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Honey dijon salmon

  • 1 1/3 lbs salmon
  • 1 1/2 tsp garlic powder
  • 1 Tb dijon mustard
  • 1 Tb honey
  • 1 Tb grated lemon peel
  • 1/4 tsp ground pepper
1. Sprinkle salmon on both sides with garlic powder.
2. Combine mustard, honey, lemon peel and pepper. Mix well.
3. Spread mixture over salmon, cover with plastic wrap. Marinate for 30 to 60 minutes.
4. Bak at 400 F for 20 minutes.
Submitted by Dan and Alicia Cunningham - Burlington, VT Mar 23, 2010
15 min 30 min 45 min

Salmon

  • Some evidence shows that wild-caught salmon is healthier than farmed salmon
  • Almost all Alaskan salmon is wild-caught
  • Some people believe that farming salmon is not good for the ecosystem
  • Atlantic salmon has been over-fished and is found in small numbers in U.S. waters
  • Most salmon products sold in stores and restaurants are farmed, not caught in the wild
  • Most farmed salmon comes from Scotland, Norway, and Chile
  • Your skin can benefit from eating salmon because the omega-3 content keeps the skin moist and promotes strong collagen
  • Salmon is incredibly high in omega-3 fatty acids which improves heart health and lowers dangerous triglycerides
  • Salmon is good for the eyes because it prevents macular degeneration and reduces the inflammation that causes dry eye
  • Salmon is high in DHA (docosahexaenoic acid) which is needed for brain health - particularly in elderly people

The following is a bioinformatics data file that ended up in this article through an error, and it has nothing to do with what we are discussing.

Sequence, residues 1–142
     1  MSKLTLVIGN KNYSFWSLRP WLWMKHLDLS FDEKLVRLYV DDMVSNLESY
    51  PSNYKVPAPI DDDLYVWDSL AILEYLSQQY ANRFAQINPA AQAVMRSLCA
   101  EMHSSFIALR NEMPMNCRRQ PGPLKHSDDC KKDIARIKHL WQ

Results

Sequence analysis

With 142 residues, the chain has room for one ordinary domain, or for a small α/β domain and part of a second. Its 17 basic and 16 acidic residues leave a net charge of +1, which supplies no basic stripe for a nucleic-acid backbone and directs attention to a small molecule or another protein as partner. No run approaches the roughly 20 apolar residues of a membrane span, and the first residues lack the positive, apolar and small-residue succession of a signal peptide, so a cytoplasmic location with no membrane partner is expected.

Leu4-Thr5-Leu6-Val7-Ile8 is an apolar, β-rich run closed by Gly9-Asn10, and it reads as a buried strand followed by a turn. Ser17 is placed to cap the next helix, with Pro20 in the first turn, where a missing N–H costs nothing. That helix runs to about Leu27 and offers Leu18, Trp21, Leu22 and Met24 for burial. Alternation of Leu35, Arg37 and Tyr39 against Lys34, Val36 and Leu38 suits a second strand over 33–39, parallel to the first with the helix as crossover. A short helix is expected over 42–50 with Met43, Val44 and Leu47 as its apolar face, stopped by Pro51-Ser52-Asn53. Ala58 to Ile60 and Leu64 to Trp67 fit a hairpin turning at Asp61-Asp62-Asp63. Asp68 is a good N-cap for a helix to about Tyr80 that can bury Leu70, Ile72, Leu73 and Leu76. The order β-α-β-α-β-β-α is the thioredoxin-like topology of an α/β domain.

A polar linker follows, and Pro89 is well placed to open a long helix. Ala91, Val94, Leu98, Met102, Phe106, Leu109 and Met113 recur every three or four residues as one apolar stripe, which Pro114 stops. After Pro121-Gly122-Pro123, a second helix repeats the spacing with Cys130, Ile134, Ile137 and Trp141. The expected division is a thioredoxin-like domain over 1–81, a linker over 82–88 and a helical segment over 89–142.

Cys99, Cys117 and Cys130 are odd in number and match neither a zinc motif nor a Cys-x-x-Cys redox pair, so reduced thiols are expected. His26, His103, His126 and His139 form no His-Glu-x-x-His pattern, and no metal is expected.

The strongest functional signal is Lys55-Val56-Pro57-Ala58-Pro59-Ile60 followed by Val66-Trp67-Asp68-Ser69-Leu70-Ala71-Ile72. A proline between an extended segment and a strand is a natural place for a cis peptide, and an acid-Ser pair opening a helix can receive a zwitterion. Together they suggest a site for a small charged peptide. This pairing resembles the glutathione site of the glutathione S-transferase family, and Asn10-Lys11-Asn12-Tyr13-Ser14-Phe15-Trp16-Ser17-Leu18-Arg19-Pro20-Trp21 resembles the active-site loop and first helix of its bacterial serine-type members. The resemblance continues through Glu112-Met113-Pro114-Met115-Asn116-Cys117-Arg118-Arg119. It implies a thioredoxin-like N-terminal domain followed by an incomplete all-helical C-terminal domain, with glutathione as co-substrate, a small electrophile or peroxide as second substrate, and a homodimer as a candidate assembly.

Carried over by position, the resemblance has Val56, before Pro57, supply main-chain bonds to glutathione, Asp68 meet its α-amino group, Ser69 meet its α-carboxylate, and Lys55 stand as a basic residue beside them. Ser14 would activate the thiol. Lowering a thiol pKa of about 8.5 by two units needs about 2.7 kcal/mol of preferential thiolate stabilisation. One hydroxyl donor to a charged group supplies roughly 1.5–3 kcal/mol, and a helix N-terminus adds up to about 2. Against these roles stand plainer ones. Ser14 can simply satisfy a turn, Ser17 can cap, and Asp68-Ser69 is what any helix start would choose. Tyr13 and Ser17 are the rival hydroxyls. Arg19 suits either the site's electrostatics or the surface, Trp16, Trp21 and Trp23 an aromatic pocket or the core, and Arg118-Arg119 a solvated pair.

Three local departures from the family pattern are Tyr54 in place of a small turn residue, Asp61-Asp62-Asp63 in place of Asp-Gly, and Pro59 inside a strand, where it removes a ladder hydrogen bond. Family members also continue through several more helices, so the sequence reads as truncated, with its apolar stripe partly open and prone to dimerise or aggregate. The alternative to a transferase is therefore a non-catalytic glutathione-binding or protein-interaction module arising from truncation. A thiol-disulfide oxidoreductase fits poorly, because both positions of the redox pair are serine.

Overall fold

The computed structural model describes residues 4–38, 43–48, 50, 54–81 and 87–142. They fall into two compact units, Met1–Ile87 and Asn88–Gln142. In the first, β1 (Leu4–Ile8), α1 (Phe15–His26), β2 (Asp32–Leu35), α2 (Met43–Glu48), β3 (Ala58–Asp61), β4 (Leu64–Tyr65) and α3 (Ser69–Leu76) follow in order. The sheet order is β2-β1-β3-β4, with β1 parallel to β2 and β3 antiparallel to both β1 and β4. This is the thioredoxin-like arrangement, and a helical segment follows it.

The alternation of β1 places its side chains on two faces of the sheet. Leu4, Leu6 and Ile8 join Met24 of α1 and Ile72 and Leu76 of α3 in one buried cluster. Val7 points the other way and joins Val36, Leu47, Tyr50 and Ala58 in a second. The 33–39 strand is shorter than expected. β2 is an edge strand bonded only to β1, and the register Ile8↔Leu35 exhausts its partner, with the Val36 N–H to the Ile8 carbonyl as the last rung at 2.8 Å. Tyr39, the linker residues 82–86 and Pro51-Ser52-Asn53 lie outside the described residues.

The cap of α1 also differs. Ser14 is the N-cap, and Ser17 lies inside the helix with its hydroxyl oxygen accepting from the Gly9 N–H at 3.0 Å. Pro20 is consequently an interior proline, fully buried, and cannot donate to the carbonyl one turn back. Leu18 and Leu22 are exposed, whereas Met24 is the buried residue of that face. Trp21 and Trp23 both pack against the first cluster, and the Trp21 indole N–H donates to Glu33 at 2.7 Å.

Garlic

  • Garlic is considered by many to improve circulatory function which might explain why some believe it is an aphrodisiac
  • Garlic has been scientifically proven to mildly improve blood pressure
  • The word "garlic" was derived from an old english word which translates to "Spear Leek"
  • Garlic is considered to be an antifungal which many people consume and apply topically to fight athlete's foot
  • The scent of garlic comes from allicin which is an active component produced through an enzymatic reaction when the cloves are cut or damaged

Mustard

  • The mustard seed is referenced in The Bible - in the Book of Matthew
  • The R.T. French company introduced vibrant yellow mustard at the 1904 World's Fair in St. Louis where it was served with hot dogs
  • Dijon, France was considered the nexus of mustard making in the 13th century
  • Mustard paste was not a popular ingredient in ancient Greece or Rome, but the French used mustard in a variety of ways
  • It is rumored that Ben Franklin brought Mustard to the United States
  • Alexander the Great sent a bag of mustard seeds to intimidate Darius the King of Persia, implying that his troops were numerous and full of fire
  • You can make your own mustard by grinding and mixing the seeds with water and vinegar
  • Mustard can help to prevent rheumatoid arthritis because it contains selenium and magnesium
  • Yellow mustard has a high glucosinolate content which our body converts into converted into cancer fighting isothiocyanates

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